Most of the time I'm in blissful ignorance of what other restaurant reviewers are doing. I suppose it's laziness really; I don't read as much these days as I should. In a perfect world we reviewers should talk to one another, so that we don't all end up reviewing the same place on the same day. Thankfully that doesn't happen too often - there are now so many restaurants in Ireland that the odds of it happening are getting longer by the week.
There are times however when what other reviewers have written come to my attention. A case in point was a review by the Sunday Independent's Lucinda O'Sullivan a few weeks back. It was a funny and well-written piece about her adventures in a Brazilian restaurant. It brought back memories to me of an experience I'd had many years ago in an Italian restaurant in Clontarf. A couple of weeks later I read a review by my TV reviewer companion Tom Doorley of the same Brazilian restaurant. Tom had really enjoyed his night there and there had been no drama as there had been for Lucinda. It was interesting to read to differing accounts of the same restaurant.
As it happens, my South American friend Isabella Weibrecht and I had been planning a trip to this same Brazilian restaurant, which is called Brasil Churrascaria. For one reason or another our dinner kept getting postponed and in the meantime Lucinda's and Tom's reviews had come out, so by the time we finally got to go there, I had some idea of what I could expect. My friend Isabella spent many of her formative years in Brazil, specifically in Sao Paolo, so she was the perfect companion to explain the niceties of Brazilian dining to me. She also speaks Portuguese, so we were able to communicate well with the staff of Brasil, all of whom seem to be either Portuguese or Brazilian.
The dining room is small and unpretentious, very simply decorated and it seats maybe thirty. The kitchen takes up the room alongside and there's a couple of tables in there too by the window. First impressions then are of a simple eaterie, the sort of place that Italians call a trattoria', the kind of place where the food is the main interest, not the surroundings. Before we did anything like look at menu or wine list, Isabella ordered both of us a caiperinha, that quintessentially Brazilian drink of rum and lime juice with lots of crushed ice. The word refreshing' doesn't really do caiperinhas justice, it would be all too easy to drink them one after another. Since I was driving and Isabella doesn't really drink, that's where the caiperinhas stopped.
A churrascaria' is the basic Brazilian dining experience. You get a lot of salads and hors d'oeuvres, but the main event, the centre piece, is meat. Lots of meat. Meat in quantities that would make a vegetarian blanch. Carnivore quantities, not delicate little slices. Hunks of meat - pork, lamb and beef laden onto plates as though to feed a New Testament multitude. I did of course look down the menu, which is priced at the lower end of average, even though Id already made up my mind. Most of the main courses are priced from 16.50 to 23, although a large T-bone steak will cost you 28.50. Mostly the menu lists steaks, stews and fish dishes. Some of the Brazilian classics looked tempting, but as I said, when you're in a churrascaria, meat is what they do best, so that's what we both ordered.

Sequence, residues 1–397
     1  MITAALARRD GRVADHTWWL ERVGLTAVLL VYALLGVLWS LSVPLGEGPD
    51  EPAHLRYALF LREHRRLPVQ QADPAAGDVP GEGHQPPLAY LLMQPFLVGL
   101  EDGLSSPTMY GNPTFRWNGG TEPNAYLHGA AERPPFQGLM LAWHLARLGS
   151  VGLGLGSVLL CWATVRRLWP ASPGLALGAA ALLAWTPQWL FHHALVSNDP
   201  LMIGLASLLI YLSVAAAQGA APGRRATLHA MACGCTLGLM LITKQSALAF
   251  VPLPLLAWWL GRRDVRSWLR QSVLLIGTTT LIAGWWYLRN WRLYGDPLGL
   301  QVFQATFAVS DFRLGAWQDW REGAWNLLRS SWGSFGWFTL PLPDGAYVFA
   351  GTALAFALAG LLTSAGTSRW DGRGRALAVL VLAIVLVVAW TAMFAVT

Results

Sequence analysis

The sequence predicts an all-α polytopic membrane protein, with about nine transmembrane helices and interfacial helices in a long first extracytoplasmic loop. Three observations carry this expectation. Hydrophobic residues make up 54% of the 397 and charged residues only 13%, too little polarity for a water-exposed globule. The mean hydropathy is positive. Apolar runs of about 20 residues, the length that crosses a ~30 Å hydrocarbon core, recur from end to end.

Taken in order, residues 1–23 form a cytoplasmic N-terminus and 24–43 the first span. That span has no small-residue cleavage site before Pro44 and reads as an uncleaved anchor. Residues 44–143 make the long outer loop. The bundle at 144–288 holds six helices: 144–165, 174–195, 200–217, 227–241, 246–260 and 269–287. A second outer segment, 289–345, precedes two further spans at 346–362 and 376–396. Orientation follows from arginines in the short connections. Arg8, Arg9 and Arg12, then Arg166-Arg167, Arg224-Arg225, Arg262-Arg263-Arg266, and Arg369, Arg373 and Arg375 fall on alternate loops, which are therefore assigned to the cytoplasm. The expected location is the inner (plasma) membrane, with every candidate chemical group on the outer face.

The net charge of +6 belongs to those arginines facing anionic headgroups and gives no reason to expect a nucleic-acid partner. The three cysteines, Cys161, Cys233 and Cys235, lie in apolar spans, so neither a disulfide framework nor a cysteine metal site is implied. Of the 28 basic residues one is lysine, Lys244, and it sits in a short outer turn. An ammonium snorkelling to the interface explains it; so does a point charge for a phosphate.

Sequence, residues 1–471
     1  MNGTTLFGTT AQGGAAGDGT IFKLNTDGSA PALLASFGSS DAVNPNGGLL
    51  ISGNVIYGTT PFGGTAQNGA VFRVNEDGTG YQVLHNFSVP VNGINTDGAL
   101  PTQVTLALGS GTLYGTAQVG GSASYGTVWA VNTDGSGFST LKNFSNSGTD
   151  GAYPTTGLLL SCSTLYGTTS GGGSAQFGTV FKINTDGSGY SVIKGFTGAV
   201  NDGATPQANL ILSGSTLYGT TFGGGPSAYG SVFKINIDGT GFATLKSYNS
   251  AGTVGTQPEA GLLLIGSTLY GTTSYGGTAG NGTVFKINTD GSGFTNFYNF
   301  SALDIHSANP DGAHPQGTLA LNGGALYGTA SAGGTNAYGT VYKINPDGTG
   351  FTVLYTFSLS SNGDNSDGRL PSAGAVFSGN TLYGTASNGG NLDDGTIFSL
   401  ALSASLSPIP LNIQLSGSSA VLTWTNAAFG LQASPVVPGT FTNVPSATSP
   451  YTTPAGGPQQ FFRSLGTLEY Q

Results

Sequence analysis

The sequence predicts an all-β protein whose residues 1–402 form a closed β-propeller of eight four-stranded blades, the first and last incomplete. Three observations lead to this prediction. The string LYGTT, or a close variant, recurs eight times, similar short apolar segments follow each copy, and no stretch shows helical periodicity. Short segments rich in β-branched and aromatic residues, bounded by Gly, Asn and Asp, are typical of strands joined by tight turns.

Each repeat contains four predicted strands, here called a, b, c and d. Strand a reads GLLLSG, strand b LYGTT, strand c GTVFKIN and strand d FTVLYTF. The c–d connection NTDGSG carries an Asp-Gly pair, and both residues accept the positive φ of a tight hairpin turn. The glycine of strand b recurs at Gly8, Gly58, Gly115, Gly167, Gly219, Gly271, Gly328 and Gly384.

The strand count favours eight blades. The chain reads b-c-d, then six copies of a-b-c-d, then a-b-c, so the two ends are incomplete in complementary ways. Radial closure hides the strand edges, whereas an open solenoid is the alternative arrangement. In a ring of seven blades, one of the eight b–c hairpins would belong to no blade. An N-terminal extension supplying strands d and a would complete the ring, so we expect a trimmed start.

It's a 30 deal: you help yourselves to the buffet of salads and then you get your own industrial quantities of meat for your main course. I'm not a man of small appetite, so I was sure I could handle whatever came my way, but Isabella is svelte and slight and I did wonder if she could cope with the portions. Being a smart lady she didn't do what I did, which was eat far too much from the buffet.
There was a reason for that. The buffet is L' shaped, but at first I only noticed the long side. I'd already filled my plate with black beans, a green salad, some grilled aubergine slices and some potato salad, when I noticed the other part of the buffet. Since that contained a lot of things that I like, like a squid and octopus salad, cold meats and smoked salmon there was nothing for it but to go back and try those things as well. Not smart, really, because when our grilled meat platters arrived there was enough to feed eight, I swear.
I did try, I really did. I ate two cuts of grilled beef, a large pork sausage, and then some lamb before I surrendered and stopped. The meat platter didn't look any emptier than when it had come to the table. With the meal cleared away we sat over one last caiperinha for Isabella and a couple of espressos for me. Maybe it was the sound of Portuguese being spoken so close to the kitchen door, but the chef / proprietor came out and spoke to us. It was a tri-lingual conversation: Portuguese to Isabella, good Italian to me and the odd word of English. I didn't mention the war (the one with Lucinda) and discovered that before moving to Dublin he'd owned a large and posh churrascaria in Manhattan. I even got to see the photos. It seems that nine-eleven was a disaster in more ways than one; many restaurants got hit in the subsequent fall-out, including his.
Because of that we now have another style of ethnic dining in Dublin and one that should appeal to meat-eating Dubliners. It's simple and good and not expensive. Our bill for more than we could eat came to 87, including the caiperinhas, mineral water and coffees. If Brazil gets into the final of the world cup, this might just be the place to celebrate.